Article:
Munson, Skip Caray: Unwelcome silence

The news that Larry Munson is all done broadcasting Georgia football games comes not long after longtime Braves announcer Skip Caray died. Two legendary voices, different in style but still inimitable, have left Southern airwaves. In these cases, silence is not golden.

Munson, 86, has been in ill health and gave up broadcasting road games last season. But his gravelly voice and rowdy verbiage gave the perfect touch to Bulldogs football for more than 40 years. Some Munson-isms:

“Sugar falling from the sky,” after beating Auburn in 1982. “The (Gator Bowl) girders are bending,” after Georgia scored to go ahead of Florida in 1975. “There’s going to be some property destroyed tonight,” after Georgia’s winning TD vs. Florida in 1980, which kept national title hopes alive.

Skip Caray, part of the famous baseball broadcasting family, passed away in August. He had been in ill health, some of which he blamed on his excessive drinking and partying in the 1980s. Still, his wry wit and incisive commentary kept alive interest in a team that never won consistently until the 1990s. He also did well on Atlanta Hawks basketball.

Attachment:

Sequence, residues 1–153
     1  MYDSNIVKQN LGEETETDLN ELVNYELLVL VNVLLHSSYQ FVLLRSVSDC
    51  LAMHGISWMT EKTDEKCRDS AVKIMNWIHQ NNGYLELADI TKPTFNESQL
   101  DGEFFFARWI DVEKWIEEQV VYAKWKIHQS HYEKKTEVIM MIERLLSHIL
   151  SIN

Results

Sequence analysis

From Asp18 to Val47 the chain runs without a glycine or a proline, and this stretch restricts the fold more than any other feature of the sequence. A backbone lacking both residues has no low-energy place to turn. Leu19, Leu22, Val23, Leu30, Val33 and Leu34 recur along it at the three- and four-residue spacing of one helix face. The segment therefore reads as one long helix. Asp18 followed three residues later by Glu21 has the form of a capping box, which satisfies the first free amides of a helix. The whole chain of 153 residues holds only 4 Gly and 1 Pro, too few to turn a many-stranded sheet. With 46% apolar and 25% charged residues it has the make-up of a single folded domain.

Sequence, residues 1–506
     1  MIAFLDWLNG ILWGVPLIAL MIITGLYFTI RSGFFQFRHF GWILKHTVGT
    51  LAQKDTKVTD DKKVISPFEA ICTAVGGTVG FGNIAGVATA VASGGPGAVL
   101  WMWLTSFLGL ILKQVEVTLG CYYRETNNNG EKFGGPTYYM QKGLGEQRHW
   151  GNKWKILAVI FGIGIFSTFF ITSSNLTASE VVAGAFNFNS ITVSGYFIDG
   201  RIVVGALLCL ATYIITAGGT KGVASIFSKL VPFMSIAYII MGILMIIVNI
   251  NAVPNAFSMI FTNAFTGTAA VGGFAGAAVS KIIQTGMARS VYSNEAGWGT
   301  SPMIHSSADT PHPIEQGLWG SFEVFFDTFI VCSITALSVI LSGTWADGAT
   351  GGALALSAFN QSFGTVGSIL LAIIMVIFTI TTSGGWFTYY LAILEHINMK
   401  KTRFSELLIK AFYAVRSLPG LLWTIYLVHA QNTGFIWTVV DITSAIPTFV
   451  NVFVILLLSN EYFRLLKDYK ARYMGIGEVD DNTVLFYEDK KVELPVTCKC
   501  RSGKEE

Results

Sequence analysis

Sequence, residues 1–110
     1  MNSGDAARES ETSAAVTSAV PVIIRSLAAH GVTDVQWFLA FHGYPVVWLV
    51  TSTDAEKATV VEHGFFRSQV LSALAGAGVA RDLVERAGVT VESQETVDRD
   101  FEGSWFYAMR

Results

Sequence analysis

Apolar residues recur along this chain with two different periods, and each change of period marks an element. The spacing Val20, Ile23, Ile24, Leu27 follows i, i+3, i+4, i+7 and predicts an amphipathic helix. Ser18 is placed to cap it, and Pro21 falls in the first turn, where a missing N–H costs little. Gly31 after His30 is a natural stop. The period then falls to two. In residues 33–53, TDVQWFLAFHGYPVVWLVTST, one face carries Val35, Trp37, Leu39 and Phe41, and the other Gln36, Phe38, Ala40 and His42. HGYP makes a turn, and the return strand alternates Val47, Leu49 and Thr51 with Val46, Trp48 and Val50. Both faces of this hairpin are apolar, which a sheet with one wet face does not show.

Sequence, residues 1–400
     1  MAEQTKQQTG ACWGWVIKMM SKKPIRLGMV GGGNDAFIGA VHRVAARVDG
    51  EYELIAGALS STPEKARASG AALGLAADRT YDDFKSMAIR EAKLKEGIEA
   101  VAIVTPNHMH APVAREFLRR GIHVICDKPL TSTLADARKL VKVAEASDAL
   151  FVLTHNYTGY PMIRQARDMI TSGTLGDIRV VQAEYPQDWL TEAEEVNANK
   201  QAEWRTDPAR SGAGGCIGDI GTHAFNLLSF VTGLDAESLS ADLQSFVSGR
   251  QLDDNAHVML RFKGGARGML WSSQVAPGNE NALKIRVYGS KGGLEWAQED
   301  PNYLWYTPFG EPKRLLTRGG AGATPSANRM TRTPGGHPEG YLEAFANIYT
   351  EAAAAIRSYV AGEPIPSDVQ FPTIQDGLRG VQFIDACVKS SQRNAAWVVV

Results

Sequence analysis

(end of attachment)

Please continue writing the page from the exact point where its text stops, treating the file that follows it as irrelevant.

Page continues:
For instance, when he said “No foul called,” listeners knew that Skip THOUGHT a foul SHOULD have been called. And during a Braves snow-delayed game from Colorado, he opined, “How do they KNOW no two snowflakes are alike?”

You can’t teach style, color or devotion, so there won’t be any more Munsons or Skip Carays. That means sports in the South won’t be quite as enjoyable in the future. Just glad we had them when we did.

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About Steve Burns

I live in the Atlanta area. I also lived for many years in Southern California. I'm into mainstream media, social media, sports, business and politics. I worked for AOL's Patch, but this is my personal blog. I'm on Twitter (@bsteve76), Facebook, LinkedIn, Instagram and Pinterest. See ya 'round!
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